coefficient of X n.
Hackish speech makes heavy use of pseudo-mathematical metaphors. Four particularly important ones involve the terms `coefficient', `factor', `index of X', and `quotient'. They are often loosely applied to things you cannot really be quantitative about, but there are subtle distinctions among them that convey information about the way the speaker mentally models whatever he or she is describing.
`Foo factor' and `foo quotient' tend to describe something for which the issue is one of presence or absence. The canonical example is fudge factor. It's not important how much you're fudging; the term simply acknowledges that some fudging is needed. You might talk of liking a movie for its silliness factor. Quotient tends to imply that the property is a ratio of two opposing factors: "I would have won except for my luck quotient." This could also be "I would have won except for the luck factor", but using quotient emphasizes that it was bad luck overpowering good luck (or someone else's good luck overpowering your own).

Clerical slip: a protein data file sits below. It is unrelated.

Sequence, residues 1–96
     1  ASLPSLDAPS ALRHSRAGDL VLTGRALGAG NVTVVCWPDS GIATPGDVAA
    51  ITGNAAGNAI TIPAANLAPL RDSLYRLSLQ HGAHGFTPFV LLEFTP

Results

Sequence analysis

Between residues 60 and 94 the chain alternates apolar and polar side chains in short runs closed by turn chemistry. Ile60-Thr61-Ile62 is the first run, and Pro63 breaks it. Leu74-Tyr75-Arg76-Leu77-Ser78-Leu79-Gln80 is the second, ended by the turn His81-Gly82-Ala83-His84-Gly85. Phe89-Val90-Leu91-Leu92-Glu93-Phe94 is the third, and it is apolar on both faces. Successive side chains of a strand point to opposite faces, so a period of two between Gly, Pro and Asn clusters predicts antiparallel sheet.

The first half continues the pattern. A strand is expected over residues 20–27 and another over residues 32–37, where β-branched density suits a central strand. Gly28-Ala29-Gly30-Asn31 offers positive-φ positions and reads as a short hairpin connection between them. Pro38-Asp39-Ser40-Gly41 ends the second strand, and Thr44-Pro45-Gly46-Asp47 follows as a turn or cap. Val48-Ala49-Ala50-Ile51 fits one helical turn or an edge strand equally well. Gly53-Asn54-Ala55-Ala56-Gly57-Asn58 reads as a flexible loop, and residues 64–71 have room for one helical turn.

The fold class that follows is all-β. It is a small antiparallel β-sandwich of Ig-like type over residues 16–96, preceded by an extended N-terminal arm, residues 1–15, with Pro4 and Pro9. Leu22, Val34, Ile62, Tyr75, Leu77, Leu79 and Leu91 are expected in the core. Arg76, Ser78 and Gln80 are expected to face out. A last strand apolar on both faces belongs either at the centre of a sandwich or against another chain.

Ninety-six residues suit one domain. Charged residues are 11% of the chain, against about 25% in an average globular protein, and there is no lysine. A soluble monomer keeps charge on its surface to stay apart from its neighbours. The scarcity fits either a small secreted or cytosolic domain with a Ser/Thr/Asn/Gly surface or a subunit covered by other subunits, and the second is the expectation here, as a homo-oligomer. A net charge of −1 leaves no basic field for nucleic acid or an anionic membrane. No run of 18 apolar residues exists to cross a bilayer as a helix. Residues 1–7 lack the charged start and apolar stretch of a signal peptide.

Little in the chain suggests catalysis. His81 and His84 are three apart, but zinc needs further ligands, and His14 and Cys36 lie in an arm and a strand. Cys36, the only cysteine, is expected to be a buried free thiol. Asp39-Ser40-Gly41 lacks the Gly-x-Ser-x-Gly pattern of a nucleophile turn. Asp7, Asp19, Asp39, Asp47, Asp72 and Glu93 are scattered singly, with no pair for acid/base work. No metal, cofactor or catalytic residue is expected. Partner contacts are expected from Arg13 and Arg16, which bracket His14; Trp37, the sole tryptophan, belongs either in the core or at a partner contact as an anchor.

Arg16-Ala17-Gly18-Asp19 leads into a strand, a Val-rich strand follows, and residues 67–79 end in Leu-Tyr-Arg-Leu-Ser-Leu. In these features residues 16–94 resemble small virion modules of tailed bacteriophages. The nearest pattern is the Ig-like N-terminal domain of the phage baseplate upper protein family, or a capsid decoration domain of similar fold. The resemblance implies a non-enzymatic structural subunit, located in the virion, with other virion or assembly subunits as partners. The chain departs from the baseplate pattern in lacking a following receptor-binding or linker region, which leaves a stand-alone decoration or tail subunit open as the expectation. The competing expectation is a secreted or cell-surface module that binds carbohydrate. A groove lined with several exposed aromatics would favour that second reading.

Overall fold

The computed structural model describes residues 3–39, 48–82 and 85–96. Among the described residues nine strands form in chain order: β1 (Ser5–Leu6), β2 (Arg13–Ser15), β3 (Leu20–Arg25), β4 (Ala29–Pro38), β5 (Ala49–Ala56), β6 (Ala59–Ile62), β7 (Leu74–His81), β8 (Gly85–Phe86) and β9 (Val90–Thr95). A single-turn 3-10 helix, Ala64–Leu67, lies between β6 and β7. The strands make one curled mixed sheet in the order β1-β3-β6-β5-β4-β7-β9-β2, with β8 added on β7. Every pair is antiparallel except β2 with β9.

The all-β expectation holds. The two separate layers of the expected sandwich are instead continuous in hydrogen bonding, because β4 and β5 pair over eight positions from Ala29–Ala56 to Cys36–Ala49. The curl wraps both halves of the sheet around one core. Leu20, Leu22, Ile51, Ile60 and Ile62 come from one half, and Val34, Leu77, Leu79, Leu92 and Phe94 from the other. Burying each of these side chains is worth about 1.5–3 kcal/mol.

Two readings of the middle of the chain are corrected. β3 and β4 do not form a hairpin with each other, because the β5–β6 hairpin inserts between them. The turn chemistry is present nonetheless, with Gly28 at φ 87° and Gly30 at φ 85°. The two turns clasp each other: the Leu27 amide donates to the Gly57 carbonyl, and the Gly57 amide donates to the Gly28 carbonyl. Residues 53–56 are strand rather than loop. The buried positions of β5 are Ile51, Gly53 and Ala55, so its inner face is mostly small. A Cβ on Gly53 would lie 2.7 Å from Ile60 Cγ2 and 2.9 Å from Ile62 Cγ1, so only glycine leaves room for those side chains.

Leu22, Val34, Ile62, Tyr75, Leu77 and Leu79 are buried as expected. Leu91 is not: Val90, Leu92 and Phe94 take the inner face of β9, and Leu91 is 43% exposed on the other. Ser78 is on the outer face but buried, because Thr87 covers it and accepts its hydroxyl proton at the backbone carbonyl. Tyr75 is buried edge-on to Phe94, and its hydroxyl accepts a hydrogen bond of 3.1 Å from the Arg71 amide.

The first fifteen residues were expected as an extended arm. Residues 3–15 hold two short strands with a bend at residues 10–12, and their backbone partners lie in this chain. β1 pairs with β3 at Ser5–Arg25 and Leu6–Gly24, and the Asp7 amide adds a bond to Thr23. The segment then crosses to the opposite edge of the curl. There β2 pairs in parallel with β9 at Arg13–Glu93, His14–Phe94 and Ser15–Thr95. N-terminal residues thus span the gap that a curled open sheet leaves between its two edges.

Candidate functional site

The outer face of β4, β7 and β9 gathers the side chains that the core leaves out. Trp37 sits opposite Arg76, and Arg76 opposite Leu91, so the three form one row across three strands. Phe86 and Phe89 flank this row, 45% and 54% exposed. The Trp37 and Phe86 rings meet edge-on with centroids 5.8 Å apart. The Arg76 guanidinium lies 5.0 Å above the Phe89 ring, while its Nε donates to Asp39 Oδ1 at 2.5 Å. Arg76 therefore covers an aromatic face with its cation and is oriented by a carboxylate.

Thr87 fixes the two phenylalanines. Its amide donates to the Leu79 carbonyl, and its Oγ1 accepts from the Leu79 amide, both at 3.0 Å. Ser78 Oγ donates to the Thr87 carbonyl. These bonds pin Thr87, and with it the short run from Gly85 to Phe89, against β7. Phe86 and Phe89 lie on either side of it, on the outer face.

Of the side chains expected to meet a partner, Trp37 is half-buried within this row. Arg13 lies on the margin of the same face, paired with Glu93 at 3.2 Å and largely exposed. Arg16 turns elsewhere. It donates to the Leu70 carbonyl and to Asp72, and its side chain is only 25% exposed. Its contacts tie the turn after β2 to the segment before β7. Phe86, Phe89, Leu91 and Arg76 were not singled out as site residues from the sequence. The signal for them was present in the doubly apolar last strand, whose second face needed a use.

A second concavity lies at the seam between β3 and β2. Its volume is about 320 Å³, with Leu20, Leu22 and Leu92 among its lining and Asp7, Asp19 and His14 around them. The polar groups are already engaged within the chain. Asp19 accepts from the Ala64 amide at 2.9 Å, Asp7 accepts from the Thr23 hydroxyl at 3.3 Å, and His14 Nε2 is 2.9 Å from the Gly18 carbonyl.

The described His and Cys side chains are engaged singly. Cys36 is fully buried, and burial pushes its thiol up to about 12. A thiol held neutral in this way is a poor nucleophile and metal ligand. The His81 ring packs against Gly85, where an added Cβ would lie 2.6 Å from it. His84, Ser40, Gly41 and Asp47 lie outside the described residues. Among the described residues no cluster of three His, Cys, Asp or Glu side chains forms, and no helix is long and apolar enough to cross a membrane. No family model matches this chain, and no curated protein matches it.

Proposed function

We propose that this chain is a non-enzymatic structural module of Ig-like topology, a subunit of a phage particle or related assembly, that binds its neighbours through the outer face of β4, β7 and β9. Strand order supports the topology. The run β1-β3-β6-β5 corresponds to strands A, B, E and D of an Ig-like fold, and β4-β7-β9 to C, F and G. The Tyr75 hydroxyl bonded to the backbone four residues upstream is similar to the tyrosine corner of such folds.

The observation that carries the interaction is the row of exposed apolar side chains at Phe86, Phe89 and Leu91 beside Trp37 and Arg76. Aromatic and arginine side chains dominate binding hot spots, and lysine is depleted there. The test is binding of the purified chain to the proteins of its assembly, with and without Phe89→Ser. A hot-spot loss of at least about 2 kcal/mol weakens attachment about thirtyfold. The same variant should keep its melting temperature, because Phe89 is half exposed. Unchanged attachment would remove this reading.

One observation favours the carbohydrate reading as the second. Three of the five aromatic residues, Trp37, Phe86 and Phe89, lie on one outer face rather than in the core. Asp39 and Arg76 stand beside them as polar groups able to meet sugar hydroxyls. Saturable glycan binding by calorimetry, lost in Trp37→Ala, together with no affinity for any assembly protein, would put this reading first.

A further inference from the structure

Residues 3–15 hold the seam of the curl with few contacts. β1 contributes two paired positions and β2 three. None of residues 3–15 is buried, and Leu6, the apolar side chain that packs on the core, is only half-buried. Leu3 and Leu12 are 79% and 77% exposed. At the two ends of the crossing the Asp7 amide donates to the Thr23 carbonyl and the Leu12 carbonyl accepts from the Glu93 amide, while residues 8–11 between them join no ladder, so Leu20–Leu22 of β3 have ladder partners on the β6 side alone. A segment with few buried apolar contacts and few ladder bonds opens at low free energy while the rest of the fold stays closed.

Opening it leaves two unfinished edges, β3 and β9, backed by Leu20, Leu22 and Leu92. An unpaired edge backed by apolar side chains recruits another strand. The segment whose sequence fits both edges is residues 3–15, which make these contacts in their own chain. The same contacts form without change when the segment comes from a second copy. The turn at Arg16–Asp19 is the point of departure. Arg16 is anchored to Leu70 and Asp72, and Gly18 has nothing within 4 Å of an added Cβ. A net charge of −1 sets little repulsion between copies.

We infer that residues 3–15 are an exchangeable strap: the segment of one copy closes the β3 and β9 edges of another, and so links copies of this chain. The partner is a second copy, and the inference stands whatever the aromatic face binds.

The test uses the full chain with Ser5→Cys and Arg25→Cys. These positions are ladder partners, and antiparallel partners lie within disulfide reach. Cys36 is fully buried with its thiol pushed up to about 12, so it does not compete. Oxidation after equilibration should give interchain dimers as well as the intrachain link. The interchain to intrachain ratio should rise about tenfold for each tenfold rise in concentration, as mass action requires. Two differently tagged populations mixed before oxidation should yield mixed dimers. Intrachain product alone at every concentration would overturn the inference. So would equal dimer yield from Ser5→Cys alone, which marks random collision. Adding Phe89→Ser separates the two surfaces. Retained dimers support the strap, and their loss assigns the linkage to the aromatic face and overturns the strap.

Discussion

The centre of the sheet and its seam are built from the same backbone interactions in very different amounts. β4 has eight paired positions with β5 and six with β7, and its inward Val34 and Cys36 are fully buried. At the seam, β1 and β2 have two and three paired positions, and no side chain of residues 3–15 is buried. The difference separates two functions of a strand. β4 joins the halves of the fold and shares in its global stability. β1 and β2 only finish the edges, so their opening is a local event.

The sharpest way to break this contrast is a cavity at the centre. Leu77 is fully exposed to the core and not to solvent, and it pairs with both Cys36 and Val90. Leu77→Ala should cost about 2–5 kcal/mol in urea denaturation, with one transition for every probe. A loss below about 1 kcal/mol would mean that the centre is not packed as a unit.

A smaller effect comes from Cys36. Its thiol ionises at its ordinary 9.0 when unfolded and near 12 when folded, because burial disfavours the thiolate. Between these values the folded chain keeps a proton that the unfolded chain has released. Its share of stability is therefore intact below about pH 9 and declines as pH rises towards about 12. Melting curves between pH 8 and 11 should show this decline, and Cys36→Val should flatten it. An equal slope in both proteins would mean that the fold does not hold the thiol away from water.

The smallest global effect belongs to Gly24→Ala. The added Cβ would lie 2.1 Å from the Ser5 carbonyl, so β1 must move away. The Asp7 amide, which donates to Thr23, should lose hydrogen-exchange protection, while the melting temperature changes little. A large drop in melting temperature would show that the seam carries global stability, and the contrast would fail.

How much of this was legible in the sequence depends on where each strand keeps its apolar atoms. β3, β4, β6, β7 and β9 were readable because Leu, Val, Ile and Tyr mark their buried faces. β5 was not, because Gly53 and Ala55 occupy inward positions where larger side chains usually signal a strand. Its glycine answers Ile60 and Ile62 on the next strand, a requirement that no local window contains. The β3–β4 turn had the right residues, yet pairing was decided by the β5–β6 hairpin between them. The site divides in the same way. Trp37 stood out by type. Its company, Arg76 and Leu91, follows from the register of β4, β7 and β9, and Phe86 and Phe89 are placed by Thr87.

`Foo index' and `coefficient of foo' both tend to imply that foo is, if not strictly measurable, at least something that can be larger or smaller. Thus, you might refer to a paper or person as having a `high bogosity index', whereas you would be less likely to speak of a `high bogosity factor'. `Foo index' suggests that foo is a condensation of many quantities, as in the mundane cost-of-living index; `coefficient of foo' suggests that foo is a fundamental quantity, as in a coefficient of friction. The choice between these terms is often one of personal preference; e.g., some people might feel that bogosity is a fundamental attribute and thus say `coefficient of bogosity', whereas others might feel it is a combination of factors and thus say `bogosity index'.